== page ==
Buyers of the Serai Saujana units — to be completed by next year — will be provided with an operational-cum-maintenance manual, adds Hamidon, who visits the Serai Saujana site twice a week to check on the construction progress.

“It’s a manual of sorts to ensure the quality of the building. Everything here will be documented to the tiniest details, like the manner the floor tiles in the common areas should be cleaned. Without this, the units at Serai Saujana will not be able to command strong secondary values,” he says. While his company is maintaining the project during the first two years, Hamidon plans to send an audit team to conduct checks to ensure that the manual is adhered to.

Two years ago, Hamidon teamed up with another friend, Lim Beng Guan, a founding member of financial advisory firm ZJ Advisory Sdn Bhd, to acquire a stake in Main Board-listed Mutiara Goodyear Development Bhd. Today, Hamidon serves as Mutiara Goodyear’s executive chairman while Lim is the executive director.
Says Hamidon: “I will be reducing my involvement in Serai Saujana as, in the next five years, I can contribute more to Mutiara Goodyear, which has an existing landbank of 1,000 acres. In partnership with the company’s other directors, I aim to rewrite the path forward and we think we have the answers to make it one of the leading developers in this region.”

Serai Saujana
It was five years ago when the opportunity arose for Hamidon to drive his own property development project. The Saujana Group was looking to dispose of a strategically located 10-acre parcel at the main entrance of Saujana Resort, he recalls. Although there was a premium attached to it, he declined to reveal the cost of the site.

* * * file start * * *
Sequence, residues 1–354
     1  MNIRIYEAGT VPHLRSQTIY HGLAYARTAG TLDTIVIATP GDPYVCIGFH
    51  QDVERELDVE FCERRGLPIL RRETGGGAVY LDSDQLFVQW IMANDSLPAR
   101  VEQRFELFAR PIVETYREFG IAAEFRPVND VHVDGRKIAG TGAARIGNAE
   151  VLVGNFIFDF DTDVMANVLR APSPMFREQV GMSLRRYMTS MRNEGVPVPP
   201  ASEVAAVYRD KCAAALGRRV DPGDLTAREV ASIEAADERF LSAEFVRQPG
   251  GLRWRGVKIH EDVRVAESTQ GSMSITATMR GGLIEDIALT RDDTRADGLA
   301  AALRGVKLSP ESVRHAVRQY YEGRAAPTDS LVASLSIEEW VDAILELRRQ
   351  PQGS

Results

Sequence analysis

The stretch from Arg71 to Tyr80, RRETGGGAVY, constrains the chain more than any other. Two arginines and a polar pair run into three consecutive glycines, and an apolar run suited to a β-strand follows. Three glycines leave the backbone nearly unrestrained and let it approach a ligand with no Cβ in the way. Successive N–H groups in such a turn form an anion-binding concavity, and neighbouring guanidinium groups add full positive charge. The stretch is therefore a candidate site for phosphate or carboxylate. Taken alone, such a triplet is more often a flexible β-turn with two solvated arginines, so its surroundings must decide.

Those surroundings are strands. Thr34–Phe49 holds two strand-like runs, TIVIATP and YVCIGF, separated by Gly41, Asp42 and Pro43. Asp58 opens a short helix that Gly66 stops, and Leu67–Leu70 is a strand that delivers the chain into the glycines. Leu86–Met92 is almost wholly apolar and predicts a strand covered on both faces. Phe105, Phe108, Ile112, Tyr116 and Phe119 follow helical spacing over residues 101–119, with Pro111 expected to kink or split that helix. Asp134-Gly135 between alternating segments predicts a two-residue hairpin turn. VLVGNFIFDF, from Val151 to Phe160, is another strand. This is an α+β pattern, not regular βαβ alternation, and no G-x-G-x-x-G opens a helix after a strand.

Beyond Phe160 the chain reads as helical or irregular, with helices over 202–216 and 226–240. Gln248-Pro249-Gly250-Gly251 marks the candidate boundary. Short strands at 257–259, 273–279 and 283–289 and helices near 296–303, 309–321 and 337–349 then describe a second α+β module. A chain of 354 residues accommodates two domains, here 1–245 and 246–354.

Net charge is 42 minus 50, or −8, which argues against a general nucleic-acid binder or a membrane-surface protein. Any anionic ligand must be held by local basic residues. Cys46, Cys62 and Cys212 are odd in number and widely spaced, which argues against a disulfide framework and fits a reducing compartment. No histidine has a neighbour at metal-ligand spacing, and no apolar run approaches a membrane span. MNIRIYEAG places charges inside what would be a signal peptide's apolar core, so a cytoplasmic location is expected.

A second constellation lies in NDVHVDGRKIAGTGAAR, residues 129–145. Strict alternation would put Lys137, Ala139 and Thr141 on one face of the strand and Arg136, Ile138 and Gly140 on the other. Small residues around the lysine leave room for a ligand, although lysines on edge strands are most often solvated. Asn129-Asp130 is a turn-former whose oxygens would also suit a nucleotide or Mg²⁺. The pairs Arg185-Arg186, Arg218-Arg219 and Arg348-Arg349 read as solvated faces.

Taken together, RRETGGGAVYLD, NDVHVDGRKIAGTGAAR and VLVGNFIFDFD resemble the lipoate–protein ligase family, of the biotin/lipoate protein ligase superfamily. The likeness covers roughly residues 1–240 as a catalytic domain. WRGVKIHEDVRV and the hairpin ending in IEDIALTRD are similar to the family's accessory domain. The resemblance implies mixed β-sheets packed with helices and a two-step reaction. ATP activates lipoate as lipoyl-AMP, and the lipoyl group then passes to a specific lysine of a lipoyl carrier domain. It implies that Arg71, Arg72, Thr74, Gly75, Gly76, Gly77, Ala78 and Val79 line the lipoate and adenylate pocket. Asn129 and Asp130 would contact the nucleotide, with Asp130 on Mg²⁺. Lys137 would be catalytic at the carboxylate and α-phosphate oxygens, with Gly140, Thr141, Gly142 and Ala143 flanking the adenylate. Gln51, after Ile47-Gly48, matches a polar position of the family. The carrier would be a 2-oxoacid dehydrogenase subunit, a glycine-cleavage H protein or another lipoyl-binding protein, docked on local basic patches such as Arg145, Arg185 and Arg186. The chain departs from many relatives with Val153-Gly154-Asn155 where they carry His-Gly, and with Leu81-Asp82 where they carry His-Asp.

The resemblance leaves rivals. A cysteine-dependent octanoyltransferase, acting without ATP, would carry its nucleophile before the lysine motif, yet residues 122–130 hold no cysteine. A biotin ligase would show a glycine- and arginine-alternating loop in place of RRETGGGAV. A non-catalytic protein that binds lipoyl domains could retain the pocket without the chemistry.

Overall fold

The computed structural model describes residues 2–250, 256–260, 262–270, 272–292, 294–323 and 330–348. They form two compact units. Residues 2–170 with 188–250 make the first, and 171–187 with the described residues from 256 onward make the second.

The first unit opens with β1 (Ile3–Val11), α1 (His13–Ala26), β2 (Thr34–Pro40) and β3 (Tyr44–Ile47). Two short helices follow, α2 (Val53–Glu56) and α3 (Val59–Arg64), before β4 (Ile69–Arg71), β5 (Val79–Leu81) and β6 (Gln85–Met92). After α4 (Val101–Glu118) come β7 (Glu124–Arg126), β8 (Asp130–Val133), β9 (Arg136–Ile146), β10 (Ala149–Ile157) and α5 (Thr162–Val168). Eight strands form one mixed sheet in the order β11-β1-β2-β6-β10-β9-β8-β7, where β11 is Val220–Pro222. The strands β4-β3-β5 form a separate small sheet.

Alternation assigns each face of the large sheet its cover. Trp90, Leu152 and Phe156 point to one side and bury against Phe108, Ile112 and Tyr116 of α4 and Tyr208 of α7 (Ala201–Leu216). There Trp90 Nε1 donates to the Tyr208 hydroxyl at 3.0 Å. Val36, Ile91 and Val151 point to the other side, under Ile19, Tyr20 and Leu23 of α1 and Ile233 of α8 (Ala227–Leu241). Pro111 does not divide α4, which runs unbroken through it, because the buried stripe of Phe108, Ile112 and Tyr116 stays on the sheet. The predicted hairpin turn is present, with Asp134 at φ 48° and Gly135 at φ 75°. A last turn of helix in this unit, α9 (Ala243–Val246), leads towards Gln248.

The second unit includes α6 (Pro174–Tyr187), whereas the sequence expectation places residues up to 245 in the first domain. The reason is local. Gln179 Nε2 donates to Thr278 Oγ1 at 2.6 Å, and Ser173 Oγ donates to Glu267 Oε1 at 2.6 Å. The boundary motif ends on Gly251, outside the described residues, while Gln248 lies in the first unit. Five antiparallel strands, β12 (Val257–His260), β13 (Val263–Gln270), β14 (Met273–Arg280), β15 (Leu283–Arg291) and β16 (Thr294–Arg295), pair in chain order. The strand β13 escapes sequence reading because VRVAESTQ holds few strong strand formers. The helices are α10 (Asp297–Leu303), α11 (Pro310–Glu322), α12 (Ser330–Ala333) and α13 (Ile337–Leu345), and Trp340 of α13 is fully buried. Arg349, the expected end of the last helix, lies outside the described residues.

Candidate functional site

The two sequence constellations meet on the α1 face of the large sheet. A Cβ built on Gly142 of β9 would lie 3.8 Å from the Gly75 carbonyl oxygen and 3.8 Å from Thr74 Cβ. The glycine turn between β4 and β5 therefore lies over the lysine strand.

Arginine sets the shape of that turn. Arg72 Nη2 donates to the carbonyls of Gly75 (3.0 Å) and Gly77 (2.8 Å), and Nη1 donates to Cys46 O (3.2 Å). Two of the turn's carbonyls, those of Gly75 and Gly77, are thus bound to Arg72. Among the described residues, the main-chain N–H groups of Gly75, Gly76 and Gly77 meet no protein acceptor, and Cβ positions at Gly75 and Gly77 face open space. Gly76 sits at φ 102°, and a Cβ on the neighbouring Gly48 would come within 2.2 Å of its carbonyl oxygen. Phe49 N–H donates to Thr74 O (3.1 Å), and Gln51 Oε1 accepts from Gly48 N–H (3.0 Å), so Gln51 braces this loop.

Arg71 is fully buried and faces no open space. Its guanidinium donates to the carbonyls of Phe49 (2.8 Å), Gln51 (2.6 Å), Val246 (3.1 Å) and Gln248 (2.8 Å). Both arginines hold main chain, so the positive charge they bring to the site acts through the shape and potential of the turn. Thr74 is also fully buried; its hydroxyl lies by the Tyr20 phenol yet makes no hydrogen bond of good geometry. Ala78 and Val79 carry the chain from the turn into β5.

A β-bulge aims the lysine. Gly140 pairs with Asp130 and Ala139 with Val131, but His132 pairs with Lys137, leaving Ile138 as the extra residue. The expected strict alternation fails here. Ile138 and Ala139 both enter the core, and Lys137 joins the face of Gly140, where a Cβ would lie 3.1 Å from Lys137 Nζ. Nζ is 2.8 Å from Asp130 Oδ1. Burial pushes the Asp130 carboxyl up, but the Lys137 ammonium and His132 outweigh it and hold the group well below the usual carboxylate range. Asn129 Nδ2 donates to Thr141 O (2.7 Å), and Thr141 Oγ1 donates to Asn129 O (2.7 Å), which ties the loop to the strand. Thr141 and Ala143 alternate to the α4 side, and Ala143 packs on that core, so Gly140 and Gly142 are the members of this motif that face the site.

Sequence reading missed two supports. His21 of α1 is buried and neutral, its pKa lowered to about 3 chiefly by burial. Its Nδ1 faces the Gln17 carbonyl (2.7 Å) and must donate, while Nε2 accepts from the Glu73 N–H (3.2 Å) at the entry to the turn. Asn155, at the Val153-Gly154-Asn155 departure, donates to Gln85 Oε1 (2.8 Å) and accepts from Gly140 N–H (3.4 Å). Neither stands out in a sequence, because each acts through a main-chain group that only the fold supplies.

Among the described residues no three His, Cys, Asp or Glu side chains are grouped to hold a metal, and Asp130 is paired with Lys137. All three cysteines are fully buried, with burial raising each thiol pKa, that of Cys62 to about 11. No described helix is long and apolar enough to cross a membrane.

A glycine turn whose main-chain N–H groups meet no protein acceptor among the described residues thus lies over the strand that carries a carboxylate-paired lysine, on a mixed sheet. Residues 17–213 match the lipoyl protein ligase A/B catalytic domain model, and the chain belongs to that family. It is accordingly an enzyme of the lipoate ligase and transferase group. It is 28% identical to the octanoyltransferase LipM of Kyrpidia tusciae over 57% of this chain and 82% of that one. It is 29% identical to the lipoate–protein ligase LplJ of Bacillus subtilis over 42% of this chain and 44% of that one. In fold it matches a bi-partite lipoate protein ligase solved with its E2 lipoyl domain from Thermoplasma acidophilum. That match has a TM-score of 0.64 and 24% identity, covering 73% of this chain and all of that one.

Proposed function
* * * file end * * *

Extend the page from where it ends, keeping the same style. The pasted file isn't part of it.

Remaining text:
For this project, Hamidon teamed up with the Yam brothers, Kenn and Michael, as well as the Saujana Group to set up Serai Saujana Development. Michael was formerly Sunrise Bhd’s managing director.
This was Hamidon’s first project as a developer, and among the challenges he faced was with the architects and contractors. “I benchmark my project with the best in Australia, the US and UK. The main problem I faced here was the ‘shortcutting mentality’, which was certainly not acceptable. To achieve the quality I envisioned, all the criteria have to be met,” he says, adding that Serai Saujana has been envisioned as the jewel in the crown at Saujana Resort.

Although the project, which features The View condominiums and The Villa bungalows, was never launched officially, Hamidon is happy with the sales as it is now slightly above the developer’s “break-even point”.

“Looking at our finances, we can now finish the job nicely and there is no need to cut corners.
In fact, 20 of my friends have purchased units there,” he says.

Prices for the 3-storey bungalows with land areas of between 3,900 and 4,500 sq ft, and built-ups of between 5,200 and 5,800 sq ft, start from RM3.9 million. Since end-2006, half of these units have been sold. With a maintenance fee of 20 sen psf, these bungalows come with a lift, swimming pool, residential and entertainment pavilions, and a garage that can accommodate up to four cars. Hamidon says the prices may soon be revised.

In 2006, the developer launched the condominiums, with sizes ranging from 1,800 to 2,900 sq ft, and priced between RM380,000 and RM450,000. These 169 units, with a maintenance fee of 25 sen psf inclusive of sinking fund, are housed in two blocks of 15-storey towers. So far, 73% of the units are sold. The remaining units, with sizes of between 1,800 and 2,300 sq ft, are tagged for between RM550,000 and RM650,000. There are also eight duplex penthouses, with built-ups of between 4,000 and 5,000 sq ft, and priced at RM3.5 million each and these have all been sold out.

Commenting on the competition, Hamidon says, “I’m running my own race and I’m passionate about property development. I will not restrict myself to high-end projects. I even want to do medium-cost housing and despite the cost constraints, I want to challenge myself to offer the best for house buyers.”



This article appeared in City & Country, the property pullout of The Edge Malaysia, Issue 751, April 20-26, 2009